'People need to drive to live,' says Parkland CEO on recession risk, stock hits 52-week high

Parkland's CEO says Canada's growing population is driving up demand for fuel. THE CANADIAN PRESS/Paul Chiasson
Parkland's CEO says Canada's growing population is driving up demand for fuel. THE CANADIAN PRESS/Paul Chiasson

Parkland (PKI.TO) shares hit a new 52-week high on Tuesday, as the gas station giant's CEO says a recession will not stand in the way of newly increased profit and cash flow targets for next year.

Toronto-listed shares climbed to $44.49, their highest level in the past year, as the stock gained as much as 1.8 per cent in Tuesday's trade.

The Calgary-based company behind thousands of On the Go, Pioneer and Ultramar locations in Canada, the U.S., and Caribbean, as well as frozen food retailer M&M Food Market, held its annual investor day in Toronto on Tuesday.

Executives laid out a plan to earn $2 billion in adjusted earnings before interest, taxes, depreciation, and amortization (EBITDA) in 2024, a year ahead of previous guidance, rising to $2.5 billion in 2028.

Parkland says it now expects $6 billion in cumulative available cash flow from 2024 to 2028, half of which will go towards paying down debt, with the remaining quarters split between shareholder returns and growth plans.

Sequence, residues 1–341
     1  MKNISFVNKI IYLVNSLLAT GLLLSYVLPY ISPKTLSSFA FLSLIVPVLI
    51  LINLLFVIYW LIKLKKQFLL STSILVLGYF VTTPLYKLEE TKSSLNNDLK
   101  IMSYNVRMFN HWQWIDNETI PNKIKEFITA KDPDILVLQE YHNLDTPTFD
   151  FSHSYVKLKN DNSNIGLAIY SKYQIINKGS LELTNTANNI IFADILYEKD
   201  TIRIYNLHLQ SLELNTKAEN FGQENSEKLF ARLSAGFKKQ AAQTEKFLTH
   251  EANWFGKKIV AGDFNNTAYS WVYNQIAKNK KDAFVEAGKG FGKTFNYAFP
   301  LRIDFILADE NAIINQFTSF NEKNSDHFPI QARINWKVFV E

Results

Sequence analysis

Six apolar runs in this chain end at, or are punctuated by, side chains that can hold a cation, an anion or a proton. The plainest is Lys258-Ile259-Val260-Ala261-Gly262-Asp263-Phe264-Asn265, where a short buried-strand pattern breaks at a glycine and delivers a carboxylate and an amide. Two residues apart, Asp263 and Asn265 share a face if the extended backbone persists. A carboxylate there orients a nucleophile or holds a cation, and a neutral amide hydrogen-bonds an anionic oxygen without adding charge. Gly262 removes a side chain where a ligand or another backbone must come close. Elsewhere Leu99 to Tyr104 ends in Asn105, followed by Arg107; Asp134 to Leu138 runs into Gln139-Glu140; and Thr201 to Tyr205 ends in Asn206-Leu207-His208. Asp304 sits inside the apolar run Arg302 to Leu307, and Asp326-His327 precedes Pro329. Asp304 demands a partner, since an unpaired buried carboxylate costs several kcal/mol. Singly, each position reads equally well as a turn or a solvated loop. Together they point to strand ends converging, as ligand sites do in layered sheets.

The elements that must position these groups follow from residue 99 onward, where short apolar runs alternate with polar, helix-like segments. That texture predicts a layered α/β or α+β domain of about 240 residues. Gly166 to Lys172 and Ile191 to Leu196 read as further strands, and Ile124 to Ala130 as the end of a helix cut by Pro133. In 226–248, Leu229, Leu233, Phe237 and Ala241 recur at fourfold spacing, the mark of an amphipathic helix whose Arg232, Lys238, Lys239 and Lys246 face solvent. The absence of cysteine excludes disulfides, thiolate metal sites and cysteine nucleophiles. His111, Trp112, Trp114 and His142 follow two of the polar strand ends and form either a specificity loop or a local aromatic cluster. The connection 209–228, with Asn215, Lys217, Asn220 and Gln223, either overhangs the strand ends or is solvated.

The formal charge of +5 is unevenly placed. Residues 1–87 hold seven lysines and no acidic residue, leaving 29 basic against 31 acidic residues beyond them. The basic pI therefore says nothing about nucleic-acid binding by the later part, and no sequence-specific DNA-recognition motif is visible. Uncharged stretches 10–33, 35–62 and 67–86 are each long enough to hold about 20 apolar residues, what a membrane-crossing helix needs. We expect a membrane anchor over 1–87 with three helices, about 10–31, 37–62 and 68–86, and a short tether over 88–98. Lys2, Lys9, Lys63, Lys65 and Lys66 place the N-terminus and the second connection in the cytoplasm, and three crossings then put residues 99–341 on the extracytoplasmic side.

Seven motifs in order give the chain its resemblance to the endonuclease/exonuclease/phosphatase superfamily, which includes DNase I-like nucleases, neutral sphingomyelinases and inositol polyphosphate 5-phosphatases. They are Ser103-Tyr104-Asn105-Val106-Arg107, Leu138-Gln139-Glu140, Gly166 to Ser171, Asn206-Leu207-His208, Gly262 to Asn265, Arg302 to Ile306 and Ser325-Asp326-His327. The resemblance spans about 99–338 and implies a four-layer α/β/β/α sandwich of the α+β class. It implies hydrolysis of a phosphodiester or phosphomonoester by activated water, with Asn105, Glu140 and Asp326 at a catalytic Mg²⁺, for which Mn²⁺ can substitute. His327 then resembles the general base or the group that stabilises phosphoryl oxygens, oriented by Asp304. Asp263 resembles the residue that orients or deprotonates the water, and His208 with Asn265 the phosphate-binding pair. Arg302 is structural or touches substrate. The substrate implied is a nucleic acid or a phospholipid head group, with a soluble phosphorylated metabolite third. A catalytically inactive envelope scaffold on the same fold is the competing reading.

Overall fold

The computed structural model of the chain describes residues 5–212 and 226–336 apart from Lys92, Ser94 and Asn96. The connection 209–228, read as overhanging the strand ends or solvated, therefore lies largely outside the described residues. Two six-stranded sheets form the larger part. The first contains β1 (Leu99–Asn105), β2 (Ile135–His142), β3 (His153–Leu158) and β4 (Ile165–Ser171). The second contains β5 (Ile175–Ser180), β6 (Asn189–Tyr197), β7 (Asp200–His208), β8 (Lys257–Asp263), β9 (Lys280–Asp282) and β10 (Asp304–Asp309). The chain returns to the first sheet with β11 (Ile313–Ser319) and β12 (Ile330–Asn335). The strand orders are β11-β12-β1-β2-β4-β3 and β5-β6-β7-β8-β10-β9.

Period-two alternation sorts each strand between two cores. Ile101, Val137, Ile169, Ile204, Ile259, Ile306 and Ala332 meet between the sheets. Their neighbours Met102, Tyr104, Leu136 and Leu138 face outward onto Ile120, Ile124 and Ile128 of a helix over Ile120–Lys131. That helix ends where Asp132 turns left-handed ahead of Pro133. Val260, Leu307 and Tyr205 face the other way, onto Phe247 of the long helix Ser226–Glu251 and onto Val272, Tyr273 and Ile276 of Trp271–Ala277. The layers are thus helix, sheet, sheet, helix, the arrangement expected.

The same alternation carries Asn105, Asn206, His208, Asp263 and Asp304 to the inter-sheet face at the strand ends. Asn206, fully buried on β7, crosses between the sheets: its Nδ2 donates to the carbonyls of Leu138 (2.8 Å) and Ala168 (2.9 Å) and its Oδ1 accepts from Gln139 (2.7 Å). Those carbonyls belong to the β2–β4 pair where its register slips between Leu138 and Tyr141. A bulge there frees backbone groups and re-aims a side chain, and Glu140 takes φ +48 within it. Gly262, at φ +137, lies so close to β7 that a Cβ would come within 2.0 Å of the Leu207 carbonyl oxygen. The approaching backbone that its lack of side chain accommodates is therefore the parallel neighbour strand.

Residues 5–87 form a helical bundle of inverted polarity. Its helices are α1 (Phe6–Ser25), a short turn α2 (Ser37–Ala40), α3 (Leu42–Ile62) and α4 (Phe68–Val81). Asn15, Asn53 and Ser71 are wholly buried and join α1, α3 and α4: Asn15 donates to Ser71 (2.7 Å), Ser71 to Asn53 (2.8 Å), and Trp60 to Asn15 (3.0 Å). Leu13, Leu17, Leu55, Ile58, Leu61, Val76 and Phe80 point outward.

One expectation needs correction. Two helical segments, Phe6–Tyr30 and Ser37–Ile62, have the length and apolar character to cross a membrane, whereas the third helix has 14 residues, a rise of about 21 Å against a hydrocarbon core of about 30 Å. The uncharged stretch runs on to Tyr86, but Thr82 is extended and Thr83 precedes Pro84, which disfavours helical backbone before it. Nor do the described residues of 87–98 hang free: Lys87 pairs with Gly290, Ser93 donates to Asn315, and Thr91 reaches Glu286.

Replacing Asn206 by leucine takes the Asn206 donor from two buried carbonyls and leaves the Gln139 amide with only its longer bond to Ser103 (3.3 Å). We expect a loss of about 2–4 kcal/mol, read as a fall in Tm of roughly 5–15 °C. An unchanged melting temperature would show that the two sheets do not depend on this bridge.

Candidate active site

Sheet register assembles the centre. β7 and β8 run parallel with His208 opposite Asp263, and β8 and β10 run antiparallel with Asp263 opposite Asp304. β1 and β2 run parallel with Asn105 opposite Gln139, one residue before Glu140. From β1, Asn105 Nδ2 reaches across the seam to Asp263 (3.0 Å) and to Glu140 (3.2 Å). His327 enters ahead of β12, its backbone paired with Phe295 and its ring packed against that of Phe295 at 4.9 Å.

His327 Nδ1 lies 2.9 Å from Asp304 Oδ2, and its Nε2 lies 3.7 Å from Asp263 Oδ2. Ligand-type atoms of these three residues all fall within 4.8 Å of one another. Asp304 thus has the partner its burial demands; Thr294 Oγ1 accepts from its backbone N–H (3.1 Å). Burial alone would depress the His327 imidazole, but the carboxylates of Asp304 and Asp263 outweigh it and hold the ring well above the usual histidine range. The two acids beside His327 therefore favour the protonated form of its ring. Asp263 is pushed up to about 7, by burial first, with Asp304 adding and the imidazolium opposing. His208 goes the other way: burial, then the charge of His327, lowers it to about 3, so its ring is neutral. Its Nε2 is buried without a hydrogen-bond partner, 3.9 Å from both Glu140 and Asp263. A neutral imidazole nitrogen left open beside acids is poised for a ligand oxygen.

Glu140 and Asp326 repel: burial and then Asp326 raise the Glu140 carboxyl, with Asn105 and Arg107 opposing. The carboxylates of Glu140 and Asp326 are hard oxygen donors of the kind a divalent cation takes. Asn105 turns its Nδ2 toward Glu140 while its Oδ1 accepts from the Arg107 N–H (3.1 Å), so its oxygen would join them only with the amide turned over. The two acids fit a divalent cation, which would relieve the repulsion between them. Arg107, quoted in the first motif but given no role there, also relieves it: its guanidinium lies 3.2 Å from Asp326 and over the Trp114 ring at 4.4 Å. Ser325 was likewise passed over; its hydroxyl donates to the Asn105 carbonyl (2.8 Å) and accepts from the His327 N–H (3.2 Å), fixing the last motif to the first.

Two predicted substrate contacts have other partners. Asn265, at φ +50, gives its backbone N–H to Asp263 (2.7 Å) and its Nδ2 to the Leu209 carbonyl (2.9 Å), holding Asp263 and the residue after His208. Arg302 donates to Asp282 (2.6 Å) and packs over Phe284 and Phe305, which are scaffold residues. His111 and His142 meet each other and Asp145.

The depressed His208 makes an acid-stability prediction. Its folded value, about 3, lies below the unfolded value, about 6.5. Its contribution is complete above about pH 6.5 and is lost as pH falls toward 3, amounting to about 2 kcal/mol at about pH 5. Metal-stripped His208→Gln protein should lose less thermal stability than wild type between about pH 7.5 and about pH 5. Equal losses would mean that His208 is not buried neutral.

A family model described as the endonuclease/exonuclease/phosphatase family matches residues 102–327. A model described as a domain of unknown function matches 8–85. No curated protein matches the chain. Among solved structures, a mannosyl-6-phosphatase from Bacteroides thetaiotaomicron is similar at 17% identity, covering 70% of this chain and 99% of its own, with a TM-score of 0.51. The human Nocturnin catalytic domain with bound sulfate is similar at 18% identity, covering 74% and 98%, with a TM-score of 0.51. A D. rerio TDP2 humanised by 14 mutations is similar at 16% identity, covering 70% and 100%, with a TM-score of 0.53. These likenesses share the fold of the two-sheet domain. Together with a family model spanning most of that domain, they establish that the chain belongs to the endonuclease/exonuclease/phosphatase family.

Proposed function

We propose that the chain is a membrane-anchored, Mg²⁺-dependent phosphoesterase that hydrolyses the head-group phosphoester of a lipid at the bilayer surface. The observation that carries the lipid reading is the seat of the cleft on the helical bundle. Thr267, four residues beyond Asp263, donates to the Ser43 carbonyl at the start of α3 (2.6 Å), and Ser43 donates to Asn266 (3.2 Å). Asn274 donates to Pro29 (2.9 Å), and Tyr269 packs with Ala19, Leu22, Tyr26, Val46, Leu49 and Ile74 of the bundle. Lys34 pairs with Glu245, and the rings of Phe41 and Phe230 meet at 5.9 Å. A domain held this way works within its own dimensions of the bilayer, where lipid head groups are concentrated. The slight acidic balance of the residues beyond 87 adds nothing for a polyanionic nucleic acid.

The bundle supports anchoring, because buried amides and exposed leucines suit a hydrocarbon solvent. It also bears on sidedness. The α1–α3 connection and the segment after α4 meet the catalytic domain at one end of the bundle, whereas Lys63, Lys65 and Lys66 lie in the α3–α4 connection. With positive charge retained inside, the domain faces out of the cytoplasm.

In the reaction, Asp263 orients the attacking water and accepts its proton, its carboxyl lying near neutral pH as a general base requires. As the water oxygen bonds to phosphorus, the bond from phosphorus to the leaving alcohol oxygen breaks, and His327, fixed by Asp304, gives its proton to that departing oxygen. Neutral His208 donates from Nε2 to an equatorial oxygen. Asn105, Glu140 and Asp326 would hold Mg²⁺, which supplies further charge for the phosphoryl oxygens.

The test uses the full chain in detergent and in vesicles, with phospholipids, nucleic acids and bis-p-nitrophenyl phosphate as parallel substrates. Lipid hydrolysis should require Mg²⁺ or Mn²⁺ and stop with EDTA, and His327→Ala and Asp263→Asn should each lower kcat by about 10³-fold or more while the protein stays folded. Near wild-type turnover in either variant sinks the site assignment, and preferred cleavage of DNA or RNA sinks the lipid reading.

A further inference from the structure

Tuesday’s update from Parkland addressed some of the issues raised by activist investor Engine Capital LP last March, including a longer-term free cash flow forecast, and more details on capital allocation. However, Parkland’s executive pay policies, one of Engine’s primary critiques, was not addressed.

New York-based Engine did not immediately respond to a request for comment on Tuesday.

From selling egg sandwiches to hungry commuters to fuelling airplanes, Espey describes a wide range of contact points with consumers and industries. Asked if Parkland's latest profit targets factor in a potential recession, he says he's confident the company’s goals can be met “independent of the macro environment.”

“In the market that we're in, people need to drive to live,” Espey said in a presentation on Tuesday. “What we’ve demonstrated time and time again, through various economic cycles, is that the convenience format wins.”

Parkland reported third-quarter financial results earlier this month, doubling its earnings from a year ago, while announcing it's on track to exceed previously announced 2023 guidance.

Epsey on Tuesday credited Canada’s growing population for helping to stoke demand for fuel. He says Parkland continues to invest in “demand-resilient markets” without high EV penetration, like the middle of Canada and the U.S., as well as Florida and the Caribbean. At the same time, Darren Smart, Parkland’s senior vice-president of energy transition and corporate development, touts the success of the company’s electric vehicle charger network in British Columbia.

“We’ve seen really great trends in utilization,” Smart said. “There’s continued demand in the province of B.C., but we’re also seeing lots of demand in Quebec, and emerging in Ontario as well.”

Jeff Lagerquist is a senior reporter at Yahoo Finance Canada. Follow him on Twitter @jefflagerquist.

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